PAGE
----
McDonald's is providing more details of the "natural flavorings" contained in its products.  Consumers will now be able to find out the source of flavorings in McDonald's main menu items. The changes follow the filing of a lawsuit accusing the company of misleading vegetarians about the suitability of its food. Considering the massive publicity surrounding this case, other companies will be quick to follow McDonald's lead.

Ever wondered exactly what you are eating in a fast food restaurant? Now McDonald's is getting one step closer to letting you know. McDonald's US customers will now be able to find whether the "natural flavorings" in apparently vegetarian options really correspond with their dietary requirements. McDonald's will provide details of whether the flavors come from a meat, diary or vegetable source on its website and in pamphlets distributed in its restaurants.

McDonald's has always been operating in line with state and federal guidelines, which do not require companies to specify the source of "natural flavors". However, this omission resulted in a lawsuit filed in May this year on behalf of angry vegetarians and Hindus who felt they had been deliberately misled by the company. Harish Bhartis, who filed the suit, is currently seeking class-action status for the charge, which represents 16 million people worldwide.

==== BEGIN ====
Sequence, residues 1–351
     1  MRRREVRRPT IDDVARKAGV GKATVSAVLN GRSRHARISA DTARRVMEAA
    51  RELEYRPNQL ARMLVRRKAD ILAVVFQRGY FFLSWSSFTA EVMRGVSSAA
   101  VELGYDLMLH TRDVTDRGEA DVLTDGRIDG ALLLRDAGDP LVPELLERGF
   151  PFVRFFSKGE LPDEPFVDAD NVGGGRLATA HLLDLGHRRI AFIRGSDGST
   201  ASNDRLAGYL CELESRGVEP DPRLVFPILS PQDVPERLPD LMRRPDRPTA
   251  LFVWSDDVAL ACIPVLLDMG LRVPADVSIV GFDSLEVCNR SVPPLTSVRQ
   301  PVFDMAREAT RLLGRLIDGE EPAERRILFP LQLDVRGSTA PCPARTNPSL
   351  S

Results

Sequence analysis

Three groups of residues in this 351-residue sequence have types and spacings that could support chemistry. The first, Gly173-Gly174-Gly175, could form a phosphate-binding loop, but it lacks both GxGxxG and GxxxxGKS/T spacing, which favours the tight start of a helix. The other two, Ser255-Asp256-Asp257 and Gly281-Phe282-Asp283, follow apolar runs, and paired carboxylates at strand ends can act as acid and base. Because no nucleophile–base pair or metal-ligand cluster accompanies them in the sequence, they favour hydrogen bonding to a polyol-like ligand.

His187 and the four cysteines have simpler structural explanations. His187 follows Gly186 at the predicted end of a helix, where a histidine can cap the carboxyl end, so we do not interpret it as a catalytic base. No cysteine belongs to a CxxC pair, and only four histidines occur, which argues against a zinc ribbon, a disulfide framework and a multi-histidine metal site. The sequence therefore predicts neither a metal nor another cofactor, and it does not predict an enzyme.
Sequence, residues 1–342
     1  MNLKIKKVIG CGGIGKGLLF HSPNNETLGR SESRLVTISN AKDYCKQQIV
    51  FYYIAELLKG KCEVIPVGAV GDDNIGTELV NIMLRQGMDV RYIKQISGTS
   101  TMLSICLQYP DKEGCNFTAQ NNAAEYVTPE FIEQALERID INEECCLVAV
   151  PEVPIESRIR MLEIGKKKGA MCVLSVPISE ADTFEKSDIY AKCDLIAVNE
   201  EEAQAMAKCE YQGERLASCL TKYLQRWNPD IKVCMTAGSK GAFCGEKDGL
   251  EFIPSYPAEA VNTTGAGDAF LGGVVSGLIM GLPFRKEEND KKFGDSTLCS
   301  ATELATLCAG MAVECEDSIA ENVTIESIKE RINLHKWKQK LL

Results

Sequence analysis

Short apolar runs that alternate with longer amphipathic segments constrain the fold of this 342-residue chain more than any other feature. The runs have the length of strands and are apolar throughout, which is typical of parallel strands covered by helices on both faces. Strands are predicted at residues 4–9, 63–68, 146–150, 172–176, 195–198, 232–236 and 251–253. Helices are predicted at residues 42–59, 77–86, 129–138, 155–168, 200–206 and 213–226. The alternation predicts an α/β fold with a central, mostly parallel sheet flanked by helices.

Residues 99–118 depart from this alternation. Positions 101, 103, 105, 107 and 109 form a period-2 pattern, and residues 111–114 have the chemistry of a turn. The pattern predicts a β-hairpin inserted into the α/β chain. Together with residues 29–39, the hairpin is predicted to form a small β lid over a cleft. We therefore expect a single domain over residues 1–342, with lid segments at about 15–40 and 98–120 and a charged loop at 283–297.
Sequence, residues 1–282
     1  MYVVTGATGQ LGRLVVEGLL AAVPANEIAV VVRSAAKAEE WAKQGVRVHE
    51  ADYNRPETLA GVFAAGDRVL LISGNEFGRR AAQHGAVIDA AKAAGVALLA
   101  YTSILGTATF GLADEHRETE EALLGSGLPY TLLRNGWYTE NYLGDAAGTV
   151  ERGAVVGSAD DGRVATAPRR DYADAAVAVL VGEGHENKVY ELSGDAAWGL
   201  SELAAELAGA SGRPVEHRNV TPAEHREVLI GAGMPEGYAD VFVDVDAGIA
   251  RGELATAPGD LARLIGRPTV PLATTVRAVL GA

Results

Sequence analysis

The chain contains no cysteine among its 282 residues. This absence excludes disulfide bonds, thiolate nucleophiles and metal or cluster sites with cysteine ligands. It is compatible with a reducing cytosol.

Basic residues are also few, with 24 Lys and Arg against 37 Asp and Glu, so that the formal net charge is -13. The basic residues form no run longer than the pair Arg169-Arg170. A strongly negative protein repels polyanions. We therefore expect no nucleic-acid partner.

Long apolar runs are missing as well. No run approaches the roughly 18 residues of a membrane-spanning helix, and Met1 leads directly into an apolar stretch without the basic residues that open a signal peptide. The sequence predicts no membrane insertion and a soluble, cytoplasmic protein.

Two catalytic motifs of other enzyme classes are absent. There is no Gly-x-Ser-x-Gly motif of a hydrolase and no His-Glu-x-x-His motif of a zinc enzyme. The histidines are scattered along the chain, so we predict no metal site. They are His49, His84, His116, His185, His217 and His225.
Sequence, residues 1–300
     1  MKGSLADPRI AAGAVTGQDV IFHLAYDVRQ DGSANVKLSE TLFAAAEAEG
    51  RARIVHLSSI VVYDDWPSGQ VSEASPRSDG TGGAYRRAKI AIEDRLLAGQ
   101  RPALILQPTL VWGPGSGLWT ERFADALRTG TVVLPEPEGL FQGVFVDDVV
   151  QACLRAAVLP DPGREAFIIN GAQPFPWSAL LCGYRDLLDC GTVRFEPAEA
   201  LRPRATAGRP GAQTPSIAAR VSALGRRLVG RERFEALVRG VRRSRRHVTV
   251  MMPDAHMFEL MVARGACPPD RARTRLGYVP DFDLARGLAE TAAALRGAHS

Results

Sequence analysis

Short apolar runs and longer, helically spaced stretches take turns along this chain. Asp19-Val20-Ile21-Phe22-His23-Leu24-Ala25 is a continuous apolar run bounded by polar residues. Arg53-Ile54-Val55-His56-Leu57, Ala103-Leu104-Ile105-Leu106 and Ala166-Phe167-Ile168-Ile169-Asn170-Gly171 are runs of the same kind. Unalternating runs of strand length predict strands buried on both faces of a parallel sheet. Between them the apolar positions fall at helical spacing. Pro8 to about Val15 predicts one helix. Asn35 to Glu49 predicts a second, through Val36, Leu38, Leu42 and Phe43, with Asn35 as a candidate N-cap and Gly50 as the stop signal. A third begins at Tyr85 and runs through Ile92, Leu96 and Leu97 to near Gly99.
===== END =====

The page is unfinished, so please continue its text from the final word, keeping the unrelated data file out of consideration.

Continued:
"Some of our customers have told us that current state and federal labeling standards do not give them as much information as they want to answer their dietary questions," commented Ken Koziol, Global Quality Assurance officer at McDonald's. "If our customers want more information about natural flavors to help them make more informed choices, then we want to help them."

McDonald's has already shown itself to have a major influence on the choices made by other fast-food chains. Last year, McDonald's stopped using bio-engineered potatoes from Monsanto. Following the high profile change, other food companies also opted to steer well clear of the controversy surrounding GM food and made similar changes. In the end, Monsanto stopped selling the potato. With so much publicity surrounding this lawsuit, there is every chance that other food manufacturers will become a lot more willing to provide additional details on the source of their ingredients.

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